Henley asked SCL/Cambridge Analytica to introduce it to Joseph Muscat in 2011

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2018-04-09T17:39:02+02:00Sun, 8th Apr '18, 16:09|0 Comments

Correspondence between Christian Kaelin of Henley & Partners and SCL Group shows that Kaelin asked SCL to introduce him to Joseph Muscat in June 2011. At the time Lawrence Gonzi headed a PN government in Malta and Joseph Muscat had been Leader of the Opposition for three years.

The correspondence indicates that SCL – that would later set up Cambridge Analytica – had been advising Malta’s Labour Party for several years before the 2013 elections.

The correspondence reveals Henley & Partners’s first attempts at establishing a relationship with the Labour Party that would eventually appoint it as exclusive vendor of Maltese citizenship less than two years later.

Henley & Partners and SCL frequently collaborated jointly in several jurisdictions particularly in St Kitts & Nevis and Grenada where SCL assisted Henley & Partners in ensuring the re-election of political parties that supported citizenship sale and, in the case of Grenada, facilitated the implosion of the opposition party there after it campaigned for the removal of the scheme.

In a separate development an ongoing election for the major opposition party in St Kitts & Nevis is currently being contested by Delara Taylor, himself a Shareholder of Henley & Partners Russia, a subsidiary of Henley & Partners.

The correspondence between Henley and Partners and SCL from 2011 shows that after requesting to be introduced by SCL to Malta’s Labour Party, Christian Kaelin also informed SCL that he would attempt himself to find a way of meeting the Nationalist Party. This was an initiative SCL could not assist Kaelin with as SCL had no contacts in the PN.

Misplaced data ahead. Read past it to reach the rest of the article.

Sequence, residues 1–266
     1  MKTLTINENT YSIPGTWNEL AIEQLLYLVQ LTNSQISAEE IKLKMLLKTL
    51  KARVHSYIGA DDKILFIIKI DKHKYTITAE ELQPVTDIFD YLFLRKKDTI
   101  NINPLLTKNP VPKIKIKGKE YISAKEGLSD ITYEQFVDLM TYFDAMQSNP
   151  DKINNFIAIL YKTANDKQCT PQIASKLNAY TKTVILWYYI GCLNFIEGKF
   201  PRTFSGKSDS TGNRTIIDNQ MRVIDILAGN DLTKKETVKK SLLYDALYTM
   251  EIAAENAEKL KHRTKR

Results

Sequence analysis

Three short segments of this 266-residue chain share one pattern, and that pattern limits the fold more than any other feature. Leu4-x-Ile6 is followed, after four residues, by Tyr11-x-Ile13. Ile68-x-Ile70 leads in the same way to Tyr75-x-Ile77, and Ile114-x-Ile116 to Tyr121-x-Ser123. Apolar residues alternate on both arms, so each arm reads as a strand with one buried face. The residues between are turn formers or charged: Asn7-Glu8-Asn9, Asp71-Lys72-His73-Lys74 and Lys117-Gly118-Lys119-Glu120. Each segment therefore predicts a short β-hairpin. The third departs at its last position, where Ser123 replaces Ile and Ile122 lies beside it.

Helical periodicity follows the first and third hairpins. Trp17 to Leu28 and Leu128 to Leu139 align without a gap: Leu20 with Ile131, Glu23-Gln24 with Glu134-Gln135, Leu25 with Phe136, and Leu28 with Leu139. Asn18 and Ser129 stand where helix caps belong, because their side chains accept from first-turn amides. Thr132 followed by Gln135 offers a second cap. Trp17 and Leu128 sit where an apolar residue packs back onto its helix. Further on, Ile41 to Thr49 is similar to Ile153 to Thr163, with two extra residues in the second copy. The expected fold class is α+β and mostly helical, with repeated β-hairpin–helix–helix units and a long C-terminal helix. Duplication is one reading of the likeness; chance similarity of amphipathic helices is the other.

Indeed Christian Kaelin visited the PN in the summer of 2011 having been introduced there by Member of Parliament David Agius, now Deputy Leader of the PN.

Sources inform that Christian Kaelin proposed to the PN a citizenship sale scheme but the PN showed no interest in the project. Christian Kaelin was not heard from again until he emerged in 2013 as Joseph Muscat’s choice for the provision of the scheme.

Eighteen months after Kaelin’s first foray in Malta, in November 2012, Alexander Nix from SCL, who would later run Cambridge Analytica until his forced resignation when the scandal of data manipulation and dirty tricks campaigning emerged a few weeks ago, visited the Nationalist Party to propose to assist them in the elections that were due two months later in the first week of March.

Alexander Nix’s approach was not taken seriously by the PN at the time as his visit occurred suspiciously close to the election at a stage that would be too late to develop any initiatives that might be of any use. PN officials also felt that the unsolicited nature of the visit by Alexander Nix made the entire thing too suspicious.

Former PN officials that spoke to me in confidence expressed the view that hindsight confirmed their suspicion at the time that SCL was making its approach in order to extract as much information from it that could be useful for the Labour Party’s campaign.

The information in the Henley & Partners – SCL correspondence unearthed by The Spectator confirms that the two organisations have consistently worked hand in hand in several jurisdictions and have done so in Malta since 2011 before the time that Labour had announced its ‘roadmap’ that would include as its first land-mark the sale of Maltese citizenship.